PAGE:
B-1 STABILIZING CHEMICAL CYCLES Preserving forests and planting trees can do much to minimize the threat of climate change. The clearing and burning of tropical forests adds perhaps 20% to the amount of carbon released to the atmosphere each year through fossil fuel combustion. Trees also remove carbon dioxide from the air during photosynthesis, so increasing global forest cover would help stabilize atmospheric CO2 levels. In mid 1985, a promising development emerged with the unveiling of an ambitious tropical forest protection plan. Designed by an international task force coordinated by the World Resources Institute of Washington, D.C. and supported by leading aid agencies, it calls for investments totaling $8 billion over five years in tree planting projects and efforts to arrest deforestation.

C-1 DESIGNING SUSTAINABLE ECONOMIES The efficiency with which nations produce food and consume energy provides a useful indicator of their progress toward sustainability. [Widespread recognition of this nest excerpt could bring about the necessary attitude and value change as pre-conditions for maintaining sustainability. Equity Questions in Sustainable Economics “…puts forward two criteria for choice of investment or consumption as being particularly valuable: the net present value criterion and the conservation criterion. The former represents efficiency and merely says the investment has to be a good one, one that maximizes output while minimizing the cost of inputs. Under the theory of sustainability, it is a condition that can be met, however, only as long as the conservation criterion is met. That is, the use of agricultural land can be maximized as long as the productivity of the resource can be maintained. Toward a Balance Higher prices alert resource consumers to the cost of overconsumption; they transmit critical information between the environment and the economy.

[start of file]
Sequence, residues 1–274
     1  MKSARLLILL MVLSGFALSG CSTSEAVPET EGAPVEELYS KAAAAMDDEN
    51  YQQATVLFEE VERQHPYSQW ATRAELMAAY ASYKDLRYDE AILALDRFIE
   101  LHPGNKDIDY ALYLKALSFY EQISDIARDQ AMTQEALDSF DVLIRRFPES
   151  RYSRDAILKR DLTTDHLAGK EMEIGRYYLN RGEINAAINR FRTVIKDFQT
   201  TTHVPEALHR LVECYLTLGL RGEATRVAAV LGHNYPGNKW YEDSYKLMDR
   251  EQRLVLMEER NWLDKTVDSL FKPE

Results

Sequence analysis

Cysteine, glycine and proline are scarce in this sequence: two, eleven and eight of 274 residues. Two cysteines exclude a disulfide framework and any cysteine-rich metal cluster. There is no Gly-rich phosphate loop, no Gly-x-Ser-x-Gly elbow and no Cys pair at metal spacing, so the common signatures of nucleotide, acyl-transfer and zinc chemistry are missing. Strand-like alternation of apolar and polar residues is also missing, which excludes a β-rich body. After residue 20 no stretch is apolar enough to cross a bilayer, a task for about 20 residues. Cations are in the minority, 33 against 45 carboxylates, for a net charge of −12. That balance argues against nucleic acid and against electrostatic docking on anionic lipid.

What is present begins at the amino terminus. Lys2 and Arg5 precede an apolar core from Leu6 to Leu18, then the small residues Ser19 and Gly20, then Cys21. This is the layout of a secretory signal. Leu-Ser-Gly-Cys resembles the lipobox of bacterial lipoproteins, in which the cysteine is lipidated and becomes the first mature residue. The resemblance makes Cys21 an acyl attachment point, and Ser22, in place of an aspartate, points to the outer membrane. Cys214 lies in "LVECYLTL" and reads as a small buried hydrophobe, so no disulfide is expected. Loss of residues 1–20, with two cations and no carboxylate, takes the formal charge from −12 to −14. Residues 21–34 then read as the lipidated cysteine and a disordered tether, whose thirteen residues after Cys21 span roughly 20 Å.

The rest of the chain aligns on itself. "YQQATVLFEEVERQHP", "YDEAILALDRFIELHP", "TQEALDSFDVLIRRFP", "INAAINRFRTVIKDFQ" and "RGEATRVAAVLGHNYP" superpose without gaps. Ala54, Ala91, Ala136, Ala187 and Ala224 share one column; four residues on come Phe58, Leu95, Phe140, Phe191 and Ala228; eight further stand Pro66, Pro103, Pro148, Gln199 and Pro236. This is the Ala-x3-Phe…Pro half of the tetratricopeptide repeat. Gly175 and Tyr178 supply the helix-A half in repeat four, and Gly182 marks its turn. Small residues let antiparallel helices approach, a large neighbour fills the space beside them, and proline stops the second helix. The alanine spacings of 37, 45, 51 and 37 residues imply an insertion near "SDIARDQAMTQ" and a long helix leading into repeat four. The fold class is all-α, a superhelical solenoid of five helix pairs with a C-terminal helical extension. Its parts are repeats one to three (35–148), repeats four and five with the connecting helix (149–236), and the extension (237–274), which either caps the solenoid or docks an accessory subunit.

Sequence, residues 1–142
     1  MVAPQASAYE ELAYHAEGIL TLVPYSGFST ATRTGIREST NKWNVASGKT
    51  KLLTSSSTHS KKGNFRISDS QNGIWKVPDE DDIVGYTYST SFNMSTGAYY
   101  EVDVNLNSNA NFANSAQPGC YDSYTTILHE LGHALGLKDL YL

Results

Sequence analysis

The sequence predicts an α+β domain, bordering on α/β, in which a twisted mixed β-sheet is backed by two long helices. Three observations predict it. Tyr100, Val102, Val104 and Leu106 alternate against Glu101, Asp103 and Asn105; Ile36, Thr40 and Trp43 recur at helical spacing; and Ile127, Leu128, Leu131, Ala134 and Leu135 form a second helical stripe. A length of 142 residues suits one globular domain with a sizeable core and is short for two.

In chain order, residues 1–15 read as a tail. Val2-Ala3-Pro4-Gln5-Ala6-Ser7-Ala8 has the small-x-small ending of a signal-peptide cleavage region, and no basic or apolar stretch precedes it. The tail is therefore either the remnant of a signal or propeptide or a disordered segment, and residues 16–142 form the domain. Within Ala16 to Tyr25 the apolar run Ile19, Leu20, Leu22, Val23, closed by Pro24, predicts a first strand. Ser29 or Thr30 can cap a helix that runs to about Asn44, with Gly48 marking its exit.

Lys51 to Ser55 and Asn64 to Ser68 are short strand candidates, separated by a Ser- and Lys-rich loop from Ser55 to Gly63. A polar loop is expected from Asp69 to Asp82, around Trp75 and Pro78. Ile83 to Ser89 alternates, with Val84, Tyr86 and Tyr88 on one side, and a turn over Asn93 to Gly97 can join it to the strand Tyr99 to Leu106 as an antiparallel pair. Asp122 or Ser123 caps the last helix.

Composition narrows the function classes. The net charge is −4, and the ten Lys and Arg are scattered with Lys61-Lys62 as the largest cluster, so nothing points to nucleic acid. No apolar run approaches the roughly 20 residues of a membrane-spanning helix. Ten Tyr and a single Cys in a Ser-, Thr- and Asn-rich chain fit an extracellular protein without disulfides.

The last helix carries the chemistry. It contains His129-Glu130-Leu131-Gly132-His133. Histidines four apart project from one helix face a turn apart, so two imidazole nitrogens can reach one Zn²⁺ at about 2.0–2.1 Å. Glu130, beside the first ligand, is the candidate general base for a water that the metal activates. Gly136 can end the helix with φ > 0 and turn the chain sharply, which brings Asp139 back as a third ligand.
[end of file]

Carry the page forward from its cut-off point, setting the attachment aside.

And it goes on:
CHARTING A SUSTAINABLE COURSE by Lester R. Brown and Edward C. Wolf “Overall, we are locked in a race,” observed biologist E.O Wilson of Harvard University at the 1986 National Forum on Biodiversity in Washington, D.C. The race as he sees it, pits humanities ability to gather information about the earth’s rich evolutionary inheritance of plant and animal life against the uncontrolled degradation of tropical